clock menu more-arrow no yes

Filed under:

Florida vs. Kentucky, Preview: Can the Gators get to 32?

New, 4 comments

Florida looks to have edges on the Wildcats. (Again.)

Charleston Southern v Florida Photo by Sam Greenwood/Getty Images

The Florida Gators won’t have CeCe Jefferson (“academic-related” suspension), Shawn Davis, or David Reese the elder against the Kentucky Wildcats on Saturday night (7:30 p.m., SEC Network).

But other than that, it’s basically all hands on deck for the Gators, who will be trying to knock off the Wildcats for the 32nd consecutive year and meeting.

When Florida has the ball

The Gators began their 2018 season explosively last Saturday against Charleston Southern, putting up 53 points and getting 51 of them from their offense — 38 of those in the first half, thanks largely to five touchdowns from Feleipe Franks.

Franks threw those to four of his wide receivers — Van Jefferson got two, and Tyrie Cleveland, Trevon Grimes, and Josh Hammond each got one — but it was a fifth wideout, Freddie Swain, who was actually Florida’s leading receiver on the night. And for this game against Kentucky, the Gators get back the previously suspended Kadarius Toney, perhaps their quickest pass-catcher. Should Florida’s line be able to give Franks time to throw against a Wildcats rush that mustered just two sacks against Central Michigan a week ago, he should have open receivers to target — but Kentucky did hold the Chippewas to just 137 yards through the air.

Central Michigan didn’t do much better on the ground, churning its 118 rushing yards on 39 carries for just better than three yards a carry. But Florida has a running back rotation as deep or deeper than its receiving corps, with Dameon Pierce emerging from the pack to lead all Gators with 75 yards gained on nine pounding carries against the Buccaneers. And while Florida starter Jordan Scarlett looked rusty in his return after a year-long suspension in 2018, the Gators opened up enough holes for all of their rushers to tally 205 yards on their own 39 carries against the Bucs.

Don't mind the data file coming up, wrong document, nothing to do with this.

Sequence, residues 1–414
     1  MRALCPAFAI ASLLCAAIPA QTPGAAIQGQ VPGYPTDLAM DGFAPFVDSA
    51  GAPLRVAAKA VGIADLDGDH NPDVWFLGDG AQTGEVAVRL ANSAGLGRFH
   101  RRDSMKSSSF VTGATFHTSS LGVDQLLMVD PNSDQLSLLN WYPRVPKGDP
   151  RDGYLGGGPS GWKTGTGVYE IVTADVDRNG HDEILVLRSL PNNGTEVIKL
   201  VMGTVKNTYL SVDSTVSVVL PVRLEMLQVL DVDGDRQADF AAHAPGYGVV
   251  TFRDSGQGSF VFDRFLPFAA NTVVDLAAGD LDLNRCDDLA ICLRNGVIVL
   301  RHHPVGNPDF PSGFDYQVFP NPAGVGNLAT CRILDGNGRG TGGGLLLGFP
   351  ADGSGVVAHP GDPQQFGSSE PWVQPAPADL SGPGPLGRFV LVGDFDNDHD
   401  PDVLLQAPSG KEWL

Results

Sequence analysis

Edge: Florida

When Kentucky has the ball

The Wildcats were arguably as good as they have ever been on offense against Florida over the duration of their 31-year losing streak in 2017, putting up 27 points that really should have been more than 30 and getting pinpoint passes from Stephen Johnson to score their touchdowns. But Johnson is gone, and while Benny Snell gives Kentucky a bellcow back, scoring on Florida in The Swamp might be a different prospect for the Wildcats.

That’s especially true after how dominant the Gators were on defense against Charleston Southern. The Buccaneers had just five yards of total offense by the time Florida’s lead reached 38-0 last Saturday, and got about a third of their yards on the night on a 70-yard scamper earned via broken tackles seconds before the end of the half. Beyond that, Florida largely played backups and yielded rushing yards — yet still didn’t give up points until the fourth quarter against a creative option scheme. Florida could use Davis, Jefferson, and especially Reese, but the players it will have on hand proved to be formidable last week.

Kentucky was equal parts formidable and faltering. The Wildcats did ultimately put up 35 points on Central Michigan, largely by rushing for 299 yards on 43 carries and getting both Snell (125 yards) and Asim Rose (104 yards) over the century mark and into the end zone twice. But Terry Wilson, Kentucky’s starting QB, threw for just 78 yards, tossed two interceptions, and had no touchdowns in the game — and yet he’s still starting ahead of Gunner Hoak, who did throw a touchdown against the Chippewas.

And Wilson’s two picks were just two of four total turnovers by the Wildcats, who led 21-20 at halftime partly because of those giveaways before pulling away in the second half.

If Kentucky makes as many mistakes against Florida, which pounced on two fumbles and got a pick in the waning seconds against Charleston Southern, it might be the prelude to a lopsided loss.

Edge: Florida

When both teams are kicking

Florida’s special teams looked quite good in their first game under Dan Mullen last Saturday. Florida blocked a field goal and an extra point, returning the latter for two points, and both covered and returned punts and kicks well. Tommy Townsend averaged nearly 45 yards on just two tries — far fewer than his brother Johnny typically had to attempt in a game — and Evan McPherson and Jorge Powell combined to make all of their kicks, too — and though McPherson has now been installed as Florida’s starter at kicker, Powell made the longest field goal of the day.

Kentucky’s return teams performed well against the Chippewas. The Wildcats averaged about 10 yards a punt return but just 20 yards a kick return, and though kickoff specialist Grant McKinniss recorded just one touchback on six kicks, Central Michigan averaged just under 20 yards a return. Punter Max Duffy was maybe the highlight of the night, averaging 50 yards a boot on four kicks; Kentucky allowed just one yard on two punt returns as a result of his excellent work.

Slight edge: Florida